GOP Is Coalescing Around Sessions for AG, but Democrats Are Hinting at a Difficult Confirmation Path

Senate Republicans cheered the nomination of Alabama Senator Jeff Sessions to serve as Attorney General in the coming Donald Trump administration. His Democratic colleagues, however, are already hinting at a difficult path to confirmation.

Senate Judiciary Chairman Chuck Grassley (R-IA) praised Sessions’ nomination in a statement Friday calling the Alabama Senator “a respected member and former Ranking Member of the Judiciary Committee who has worked across the aisle on major legislation,” adding:

“He knows the Justice Department as a former U.S. attorney, which would serve him very well in this position. With this background, I’m confident he would be reported favorably out of the committee.”

Senate Majority Whip John Cornyn called Sessions’ a “principled and good man” that would “restore honor to a department that, under President Obama, perpetually pushed a political agenda while neglecting to enforce the law.”

“For nearly eight years the Justice Department has twisted the Constitution and the laws passed by Congress to further the President’s liberal agenda, eroding our liberty in the process,” Cornyn added. “It has put politics ahead of national security, and demonized those who protect us. It’s time to end the politicization of the Justice Department and start defending the rule of law, and I’m confident that as our top law enforcement official Senator Sessions will do that.”

South Carolina Senator Lindsey Graham, one of the Republicans who did not back Trump’s presidential run, quickly got behind Sessions as the next head of the Justice Department.

But Senate Democrats were not so eager to congratulate Sessions, a relatively well-liked member of the Senate’s Judiciary and Armed Services committees.

Sen. Patrick Leahy (D-VT), who will be leaving his post as the Judiciary Committee’s ranking member for a position on the Appropriations Committee next year, expressed caution to having such a close ally of Trump serving as Attorney General.

In a statement following Trump’s decision to select Sessions, Leahy said:

“The Attorney General serves as the chief law enforcement officer in the country. The Attorney General must be independent and fair. The Attorney General must be deeply committed to the rule of law and must ensure that all people are treated equally before the law. This means that he or she is also the chief protector of civil rights and civil liberties for everyone in our Nation. That has never been more important than in this moment, when hate crimes have spiked across the country, especially against Muslim and LGBTQ Americans. And when we have a President-elect who has proposed religious tests, a return to torture, and a deportation force that threatens to remove millions of immigrants.”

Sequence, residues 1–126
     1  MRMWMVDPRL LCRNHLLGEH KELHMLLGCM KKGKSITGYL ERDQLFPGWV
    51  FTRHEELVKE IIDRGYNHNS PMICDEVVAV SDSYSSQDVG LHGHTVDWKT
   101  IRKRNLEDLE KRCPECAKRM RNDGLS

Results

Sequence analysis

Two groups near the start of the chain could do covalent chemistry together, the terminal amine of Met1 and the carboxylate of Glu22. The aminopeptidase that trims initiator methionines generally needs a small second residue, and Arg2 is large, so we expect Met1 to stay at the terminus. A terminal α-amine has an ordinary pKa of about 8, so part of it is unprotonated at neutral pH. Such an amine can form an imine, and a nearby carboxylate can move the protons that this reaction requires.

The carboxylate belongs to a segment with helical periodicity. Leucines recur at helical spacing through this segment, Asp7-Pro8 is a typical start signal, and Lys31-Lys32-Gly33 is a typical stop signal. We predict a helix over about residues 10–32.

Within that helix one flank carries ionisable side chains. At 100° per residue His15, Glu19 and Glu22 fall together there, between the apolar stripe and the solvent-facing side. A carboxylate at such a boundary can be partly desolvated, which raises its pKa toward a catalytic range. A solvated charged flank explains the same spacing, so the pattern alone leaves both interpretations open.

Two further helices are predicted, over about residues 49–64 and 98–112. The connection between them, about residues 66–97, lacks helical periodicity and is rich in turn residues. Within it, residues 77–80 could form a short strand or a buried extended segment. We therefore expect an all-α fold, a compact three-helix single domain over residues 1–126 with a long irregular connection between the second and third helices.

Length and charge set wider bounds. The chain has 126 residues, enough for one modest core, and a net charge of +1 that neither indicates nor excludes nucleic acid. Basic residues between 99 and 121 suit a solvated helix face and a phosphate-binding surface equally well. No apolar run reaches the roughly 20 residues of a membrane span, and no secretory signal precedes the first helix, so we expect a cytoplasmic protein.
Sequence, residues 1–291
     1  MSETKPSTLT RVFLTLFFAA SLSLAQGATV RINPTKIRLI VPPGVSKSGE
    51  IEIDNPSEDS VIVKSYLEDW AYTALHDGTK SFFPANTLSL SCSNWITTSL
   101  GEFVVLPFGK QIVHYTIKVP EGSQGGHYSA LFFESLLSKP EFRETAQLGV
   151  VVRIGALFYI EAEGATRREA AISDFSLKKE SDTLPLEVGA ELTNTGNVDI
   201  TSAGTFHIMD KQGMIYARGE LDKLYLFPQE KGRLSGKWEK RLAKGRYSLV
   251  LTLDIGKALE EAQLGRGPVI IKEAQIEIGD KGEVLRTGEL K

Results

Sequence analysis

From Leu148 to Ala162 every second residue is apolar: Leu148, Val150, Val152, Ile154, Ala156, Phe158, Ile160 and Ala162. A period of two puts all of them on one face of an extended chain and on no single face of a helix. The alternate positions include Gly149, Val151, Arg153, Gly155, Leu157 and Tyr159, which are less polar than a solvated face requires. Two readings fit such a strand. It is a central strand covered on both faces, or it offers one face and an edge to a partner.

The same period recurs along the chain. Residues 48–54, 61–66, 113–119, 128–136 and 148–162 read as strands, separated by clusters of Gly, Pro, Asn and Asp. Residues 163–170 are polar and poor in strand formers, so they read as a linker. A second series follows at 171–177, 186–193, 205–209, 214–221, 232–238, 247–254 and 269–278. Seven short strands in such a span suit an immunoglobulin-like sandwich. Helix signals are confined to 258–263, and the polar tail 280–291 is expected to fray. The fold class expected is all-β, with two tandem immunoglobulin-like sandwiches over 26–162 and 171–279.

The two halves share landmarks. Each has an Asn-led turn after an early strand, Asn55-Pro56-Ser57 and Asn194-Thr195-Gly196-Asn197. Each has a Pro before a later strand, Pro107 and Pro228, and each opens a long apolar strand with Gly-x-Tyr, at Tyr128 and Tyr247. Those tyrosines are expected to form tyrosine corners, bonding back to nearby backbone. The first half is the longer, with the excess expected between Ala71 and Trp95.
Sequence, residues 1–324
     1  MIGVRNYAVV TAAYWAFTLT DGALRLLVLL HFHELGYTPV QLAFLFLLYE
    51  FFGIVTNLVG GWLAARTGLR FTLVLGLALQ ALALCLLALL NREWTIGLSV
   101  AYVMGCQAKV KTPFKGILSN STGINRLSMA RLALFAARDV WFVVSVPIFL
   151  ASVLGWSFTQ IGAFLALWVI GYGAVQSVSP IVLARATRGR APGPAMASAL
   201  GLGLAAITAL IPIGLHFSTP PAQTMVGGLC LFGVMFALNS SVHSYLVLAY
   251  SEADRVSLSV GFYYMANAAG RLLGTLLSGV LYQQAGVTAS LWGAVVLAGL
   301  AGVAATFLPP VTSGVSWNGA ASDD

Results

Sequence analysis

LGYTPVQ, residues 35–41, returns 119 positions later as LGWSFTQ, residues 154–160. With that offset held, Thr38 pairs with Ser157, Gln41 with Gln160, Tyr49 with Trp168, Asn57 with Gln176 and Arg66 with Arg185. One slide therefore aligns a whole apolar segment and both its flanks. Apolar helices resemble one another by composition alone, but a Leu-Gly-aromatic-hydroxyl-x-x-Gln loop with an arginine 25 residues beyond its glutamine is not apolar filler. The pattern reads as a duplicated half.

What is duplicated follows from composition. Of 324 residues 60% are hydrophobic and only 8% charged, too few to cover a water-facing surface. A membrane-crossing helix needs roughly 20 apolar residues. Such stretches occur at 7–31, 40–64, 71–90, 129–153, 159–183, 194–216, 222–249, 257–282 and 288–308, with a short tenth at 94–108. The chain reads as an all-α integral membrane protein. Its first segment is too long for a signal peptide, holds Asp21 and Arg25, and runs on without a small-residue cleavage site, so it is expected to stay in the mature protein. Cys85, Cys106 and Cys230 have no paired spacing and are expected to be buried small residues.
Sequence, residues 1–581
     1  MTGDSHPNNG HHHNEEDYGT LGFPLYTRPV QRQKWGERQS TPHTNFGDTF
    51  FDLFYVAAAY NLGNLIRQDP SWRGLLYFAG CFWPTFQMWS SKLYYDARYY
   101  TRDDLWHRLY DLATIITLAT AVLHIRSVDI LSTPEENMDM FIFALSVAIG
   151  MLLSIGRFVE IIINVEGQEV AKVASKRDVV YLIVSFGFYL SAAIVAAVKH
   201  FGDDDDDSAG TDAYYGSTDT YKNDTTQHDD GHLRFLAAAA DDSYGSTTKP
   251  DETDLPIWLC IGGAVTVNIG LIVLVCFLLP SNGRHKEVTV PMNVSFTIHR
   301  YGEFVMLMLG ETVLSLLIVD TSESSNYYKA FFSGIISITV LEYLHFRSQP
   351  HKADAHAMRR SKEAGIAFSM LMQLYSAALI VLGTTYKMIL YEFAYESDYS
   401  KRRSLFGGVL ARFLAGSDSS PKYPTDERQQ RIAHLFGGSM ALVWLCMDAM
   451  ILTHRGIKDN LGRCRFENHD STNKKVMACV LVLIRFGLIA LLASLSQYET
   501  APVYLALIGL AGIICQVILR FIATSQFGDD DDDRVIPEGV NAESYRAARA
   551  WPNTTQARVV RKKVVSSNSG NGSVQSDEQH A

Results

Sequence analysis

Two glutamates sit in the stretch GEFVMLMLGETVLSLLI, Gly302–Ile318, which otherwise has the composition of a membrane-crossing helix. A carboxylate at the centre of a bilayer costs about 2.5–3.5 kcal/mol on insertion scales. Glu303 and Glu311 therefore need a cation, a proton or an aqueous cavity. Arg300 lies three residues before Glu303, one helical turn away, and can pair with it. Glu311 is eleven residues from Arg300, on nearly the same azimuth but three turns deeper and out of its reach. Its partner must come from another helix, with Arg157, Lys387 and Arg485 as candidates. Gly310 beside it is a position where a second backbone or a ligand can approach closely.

“Senator Sessions and I have had significant disagreements over the years, particularly on civil rights, voting rights, immigration, and criminal justice issues,” Leahy added. “But unlike Republicans’ practice of unprecedented obstruction of President Obama’s nominees, I believe nominees deserve a full and fair process before the Senate. The American people deserve to learn about Senator Sessions’ record at the public Senate Judiciary Committee hearing.”

Also skeptical of Sessions was longtime California Senator Dianne Feinstein, who will be the Democrats’ ranking member on the Judiciary Committee in the next Congress.

Feinstein said in a statement that “the attorney general is a lawyer for the people, not the president. His or her primary loyalty must be to the Constitution and rule of law — and sometimes that means telling the president no.”

Feinstein noted that because of his service on the Judiciary Committee, Sessions is “well aware of the thorough vetting he’s about to receive,” adding:

“And while many of us have worked with Senator Sessions closely and know him to be a staunch advocate for his beliefs, the process will remain the same: a fair and complete review of the nominee. While Senator Sessions and I differ on a great many issues, I am committed to a full and fair process.”

The confirmation process for executive branch positions can be a smooth one or a tumultuous one for a variety of different reason. The initial reactions show that a unified Republican conference will be backing Sessions, but Democrats will certainly have their say.

What do you think?

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